Two U.S. soldiers were killed and four were wounded when their NATO convoy was attacked in Afghanistan’s troubled Kandahar province Wednesday, U.S. and NATO military officials said.
Pentagon spokesman Jeff Davis gave no details. But the Taliban claims one of its suicide bombers drove an explosives-packed vehicle into the convoy.
It says 15 soldiers belonging to “foreign occupation forces,” including two “high-ranking” officers were killed. The Taliban routinely exaggerates casualty figures when making such claims.
NATO’s military mission the four wounded soldiers were receiving treatment at a coalition medical facility and that their wounds are not considered life threatening.
“On behalf of the men and women of the Resolute Support Mission, I offer our deepest condolences to the families of our fallen comrades,” said General John Nicholson, commander, Resolute Support Mission. “These soldiers gave their lives in service of a mission that is critically important to the United States, our allies and partners. We will honor their sacrifice with our dedication to protect our homeland and complete the mission for which they sacrificed.”
A provincial government statement said the convoy was carrying foreign troops to the airport through Kandahar city when a suicide car bomber struck. It said the blast damaged one of the vehicles, but would not discuss further details.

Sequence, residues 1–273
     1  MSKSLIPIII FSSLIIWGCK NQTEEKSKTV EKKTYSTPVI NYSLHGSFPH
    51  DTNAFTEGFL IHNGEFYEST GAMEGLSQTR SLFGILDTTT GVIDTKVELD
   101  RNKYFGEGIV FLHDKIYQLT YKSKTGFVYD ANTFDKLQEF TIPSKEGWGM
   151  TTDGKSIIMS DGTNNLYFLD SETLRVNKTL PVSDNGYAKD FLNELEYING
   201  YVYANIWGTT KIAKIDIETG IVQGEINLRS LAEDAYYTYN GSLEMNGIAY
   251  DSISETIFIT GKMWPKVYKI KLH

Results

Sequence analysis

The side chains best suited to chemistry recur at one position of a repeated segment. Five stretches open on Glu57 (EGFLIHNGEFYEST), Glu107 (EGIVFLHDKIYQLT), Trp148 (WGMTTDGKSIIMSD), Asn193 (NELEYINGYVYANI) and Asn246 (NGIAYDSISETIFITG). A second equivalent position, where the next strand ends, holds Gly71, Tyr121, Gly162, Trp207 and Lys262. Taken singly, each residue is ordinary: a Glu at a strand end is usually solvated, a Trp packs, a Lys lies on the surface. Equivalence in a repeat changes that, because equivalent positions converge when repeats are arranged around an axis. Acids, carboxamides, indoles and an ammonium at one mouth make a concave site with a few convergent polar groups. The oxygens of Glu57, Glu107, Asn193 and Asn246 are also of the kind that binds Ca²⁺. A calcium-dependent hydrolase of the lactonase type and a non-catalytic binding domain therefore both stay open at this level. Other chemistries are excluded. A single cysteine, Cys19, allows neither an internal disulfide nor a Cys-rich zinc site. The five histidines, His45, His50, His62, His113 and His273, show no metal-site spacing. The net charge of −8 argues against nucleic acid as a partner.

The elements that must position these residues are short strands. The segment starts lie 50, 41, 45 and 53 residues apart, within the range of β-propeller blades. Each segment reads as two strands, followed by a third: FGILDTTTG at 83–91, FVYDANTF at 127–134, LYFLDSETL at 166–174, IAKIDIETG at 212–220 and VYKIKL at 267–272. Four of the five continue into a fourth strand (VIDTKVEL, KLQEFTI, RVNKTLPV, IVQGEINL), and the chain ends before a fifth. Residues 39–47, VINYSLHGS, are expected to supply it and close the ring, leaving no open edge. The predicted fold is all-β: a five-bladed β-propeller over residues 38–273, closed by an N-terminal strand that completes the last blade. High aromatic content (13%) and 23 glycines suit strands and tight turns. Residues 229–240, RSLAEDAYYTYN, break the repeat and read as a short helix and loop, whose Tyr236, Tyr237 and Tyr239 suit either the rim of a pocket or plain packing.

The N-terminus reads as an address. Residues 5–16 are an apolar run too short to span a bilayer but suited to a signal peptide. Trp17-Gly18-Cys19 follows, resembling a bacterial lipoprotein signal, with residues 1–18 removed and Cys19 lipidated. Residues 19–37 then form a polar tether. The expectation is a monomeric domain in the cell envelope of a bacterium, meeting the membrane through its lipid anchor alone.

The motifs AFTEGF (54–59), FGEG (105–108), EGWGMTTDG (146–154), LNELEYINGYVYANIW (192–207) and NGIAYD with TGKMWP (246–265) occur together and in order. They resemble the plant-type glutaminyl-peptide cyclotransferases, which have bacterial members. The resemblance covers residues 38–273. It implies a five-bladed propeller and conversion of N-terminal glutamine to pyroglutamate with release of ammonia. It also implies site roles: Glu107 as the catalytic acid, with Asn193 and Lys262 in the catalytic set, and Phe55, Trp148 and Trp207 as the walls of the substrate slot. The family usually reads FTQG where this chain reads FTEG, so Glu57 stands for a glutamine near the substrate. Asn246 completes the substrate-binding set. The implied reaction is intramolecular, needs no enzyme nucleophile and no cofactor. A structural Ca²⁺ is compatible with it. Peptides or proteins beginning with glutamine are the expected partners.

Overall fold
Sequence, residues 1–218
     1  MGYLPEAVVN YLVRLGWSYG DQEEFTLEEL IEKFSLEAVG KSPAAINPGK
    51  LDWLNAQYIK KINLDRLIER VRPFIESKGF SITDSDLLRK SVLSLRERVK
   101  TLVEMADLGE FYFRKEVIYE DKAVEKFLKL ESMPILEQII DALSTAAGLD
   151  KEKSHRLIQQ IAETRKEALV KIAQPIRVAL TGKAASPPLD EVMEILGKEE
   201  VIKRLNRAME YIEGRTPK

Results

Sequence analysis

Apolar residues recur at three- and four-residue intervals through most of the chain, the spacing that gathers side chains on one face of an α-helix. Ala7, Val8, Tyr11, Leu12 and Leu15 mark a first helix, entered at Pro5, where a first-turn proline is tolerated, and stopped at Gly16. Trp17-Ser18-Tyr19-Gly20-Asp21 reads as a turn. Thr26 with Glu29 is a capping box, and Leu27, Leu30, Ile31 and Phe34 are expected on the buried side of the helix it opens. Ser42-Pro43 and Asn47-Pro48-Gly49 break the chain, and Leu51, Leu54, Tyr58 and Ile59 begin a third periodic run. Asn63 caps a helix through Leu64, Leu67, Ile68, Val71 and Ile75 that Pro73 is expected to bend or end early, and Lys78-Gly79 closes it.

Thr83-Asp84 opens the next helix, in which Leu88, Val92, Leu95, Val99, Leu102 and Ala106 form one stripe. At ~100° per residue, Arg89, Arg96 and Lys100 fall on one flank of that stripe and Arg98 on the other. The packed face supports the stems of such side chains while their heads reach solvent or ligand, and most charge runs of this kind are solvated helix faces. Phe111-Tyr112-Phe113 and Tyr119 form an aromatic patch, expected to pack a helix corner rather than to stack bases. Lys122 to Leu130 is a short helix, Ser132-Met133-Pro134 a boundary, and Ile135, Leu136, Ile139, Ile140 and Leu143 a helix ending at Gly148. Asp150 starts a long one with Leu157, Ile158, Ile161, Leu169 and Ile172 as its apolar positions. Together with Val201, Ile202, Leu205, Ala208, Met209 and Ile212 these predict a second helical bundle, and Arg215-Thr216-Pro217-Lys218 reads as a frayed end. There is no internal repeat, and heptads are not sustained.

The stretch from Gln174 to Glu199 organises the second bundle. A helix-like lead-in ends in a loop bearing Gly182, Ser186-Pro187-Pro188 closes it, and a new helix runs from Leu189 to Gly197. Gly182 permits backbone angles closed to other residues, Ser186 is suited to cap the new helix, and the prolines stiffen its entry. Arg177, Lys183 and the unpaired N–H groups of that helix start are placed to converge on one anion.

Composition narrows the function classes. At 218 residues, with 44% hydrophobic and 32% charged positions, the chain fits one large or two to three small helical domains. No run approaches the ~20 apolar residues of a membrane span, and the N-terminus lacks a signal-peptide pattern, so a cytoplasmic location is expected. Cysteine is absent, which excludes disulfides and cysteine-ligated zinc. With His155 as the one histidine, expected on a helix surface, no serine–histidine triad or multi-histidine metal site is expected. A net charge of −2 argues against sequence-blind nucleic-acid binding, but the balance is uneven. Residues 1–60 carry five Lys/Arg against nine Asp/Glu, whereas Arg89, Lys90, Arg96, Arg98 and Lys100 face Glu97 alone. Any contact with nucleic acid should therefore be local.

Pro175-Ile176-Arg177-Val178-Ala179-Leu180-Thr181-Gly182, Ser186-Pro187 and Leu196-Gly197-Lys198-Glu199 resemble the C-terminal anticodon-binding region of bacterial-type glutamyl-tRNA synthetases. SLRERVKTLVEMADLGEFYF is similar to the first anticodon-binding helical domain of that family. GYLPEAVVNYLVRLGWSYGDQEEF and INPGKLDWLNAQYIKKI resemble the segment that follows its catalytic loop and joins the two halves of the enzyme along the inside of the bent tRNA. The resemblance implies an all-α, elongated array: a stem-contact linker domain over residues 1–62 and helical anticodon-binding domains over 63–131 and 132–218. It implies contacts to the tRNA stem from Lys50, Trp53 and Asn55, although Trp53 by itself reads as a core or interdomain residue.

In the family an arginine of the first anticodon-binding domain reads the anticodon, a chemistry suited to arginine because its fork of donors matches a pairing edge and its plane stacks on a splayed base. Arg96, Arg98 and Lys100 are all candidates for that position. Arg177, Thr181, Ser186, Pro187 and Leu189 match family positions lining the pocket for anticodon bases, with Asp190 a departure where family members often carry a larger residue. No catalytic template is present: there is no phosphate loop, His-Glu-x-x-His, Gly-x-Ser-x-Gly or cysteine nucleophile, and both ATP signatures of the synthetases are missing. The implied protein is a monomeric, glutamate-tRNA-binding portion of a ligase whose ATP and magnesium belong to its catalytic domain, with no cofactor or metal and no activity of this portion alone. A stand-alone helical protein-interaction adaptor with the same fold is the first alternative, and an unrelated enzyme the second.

Kandahar is known as the birthplace of the Taliban, whose resurgence has led U.S. President Donald Trump to consider sending more American forces back into Afghanistan.
There are currently about 8,400 U.S. troops in the country, joining NATO forces as trainers and advisers to Afghan forces.
Kandahar hosts a major American military base and shares the border with Pakistan.
Meanwhile, Afghan officials said Wednesday the death toll in the overnight suicide attack on a Shi'ite mosque in the western city of Herat has risen to at least 31, including two children. More than 60 people were wounded.
Islamic State has claimed responsibility for the attack.
Eyewitnesses said two armed suicide bombers entered the mosque during Tuesday evening prayer time and opened fire on several hundred worshippers in the main hail before blowing themselves up.
The head of the United Nations Assistance Mission in Afghanistan (UNAMA) has condemned the attack, saying deliberately targeting civilians at prayer can have no justification whatsoever.
"Fanning terror and sectarian violence against a specific community is abhorrent, and those responsible must be brought to account," said Tadamichi Yamamoto in a statement issued in Kabul.
UNAMA says it has documented at least five attacks this year targeting Shi'ite mosques and religious gatherings in Afghanistan.
IS has taken credit for plotting three of those attacks.